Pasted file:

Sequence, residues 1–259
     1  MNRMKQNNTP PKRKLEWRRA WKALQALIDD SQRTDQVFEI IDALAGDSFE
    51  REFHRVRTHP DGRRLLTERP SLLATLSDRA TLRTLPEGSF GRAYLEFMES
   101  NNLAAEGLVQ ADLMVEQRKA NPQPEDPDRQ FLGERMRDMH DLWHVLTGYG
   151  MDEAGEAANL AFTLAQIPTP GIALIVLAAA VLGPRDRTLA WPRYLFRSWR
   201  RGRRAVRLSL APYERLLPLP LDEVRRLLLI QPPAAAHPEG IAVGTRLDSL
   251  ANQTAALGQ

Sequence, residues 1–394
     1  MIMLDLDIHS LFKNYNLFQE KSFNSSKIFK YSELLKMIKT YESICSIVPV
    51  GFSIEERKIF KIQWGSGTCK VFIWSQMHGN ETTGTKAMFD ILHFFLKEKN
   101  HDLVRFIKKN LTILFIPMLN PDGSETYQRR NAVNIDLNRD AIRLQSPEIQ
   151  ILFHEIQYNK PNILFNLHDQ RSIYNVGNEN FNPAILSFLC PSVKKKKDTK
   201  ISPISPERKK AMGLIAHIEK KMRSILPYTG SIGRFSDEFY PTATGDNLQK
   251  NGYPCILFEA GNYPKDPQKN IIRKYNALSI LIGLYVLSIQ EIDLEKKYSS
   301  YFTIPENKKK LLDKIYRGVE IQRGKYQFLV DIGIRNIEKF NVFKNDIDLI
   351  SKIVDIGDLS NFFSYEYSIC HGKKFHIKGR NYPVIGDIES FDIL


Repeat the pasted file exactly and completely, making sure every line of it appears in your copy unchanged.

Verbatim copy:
Sequence, residues 1–259
     1  MNRMKQNNTP PKRKLEWRRA WKALQALIDD SQRTDQVFEI IDALAGDSFE
    51  REFHRVRTHP DGRRLLTERP SLLATLSDRA TLRTLPEGSF GRAYLEFMES
   101  NNLAAEGLVQ ADLMVEQRKA NPQPEDPDRQ FLGERMRDMH DLWHVLTGYG
   151  MDEAGEAANL AFTLAQIPTP GIALIVLAAA VLGPRDRTLA WPRYLFRSWR
   201  RGRRAVRLSL APYERLLPLP LDEVRRLLLI QPPAAAHPEG IAVGTRLDSL
   251  ANQTAALGQ

Sequence, residues 1–394
     1  MIMLDLDIHS LFKNYNLFQE KSFNSSKIFK YSELLKMIKT YESICSIVPV
    51  GFSIEERKIF KIQWGSGTCK VFIWSQMHGN ETTGTKAMFD ILHFFLKEKN
   101  HDLVRFIKKN LTILFIPMLN PDGSETYQRR NAVNIDLNRD AIRLQSPEIQ
   151  ILFHEIQYNK PNILFNLHDQ RSIYNVGNEN FNPAILSFLC PSVKKKKDTK
   201  ISPISPERKK AMGLIAHIEK KMRSILPYTG SIGRFSDEFY PTATGDNLQK
   251  NGYPCILFEA GNYPKDPQKN IIRKYNALSI LIGLYVLSIQ EIDLEKKYSS
   301  YFTIPENKKK LLDKIYRGVE IQRGKYQFLV DIGIRNIEKF NVFKNDIDLI
   351  SKIVDIGDLS NFFSYEYSIC HGKKFHIKGR NYPVIGDIES FDIL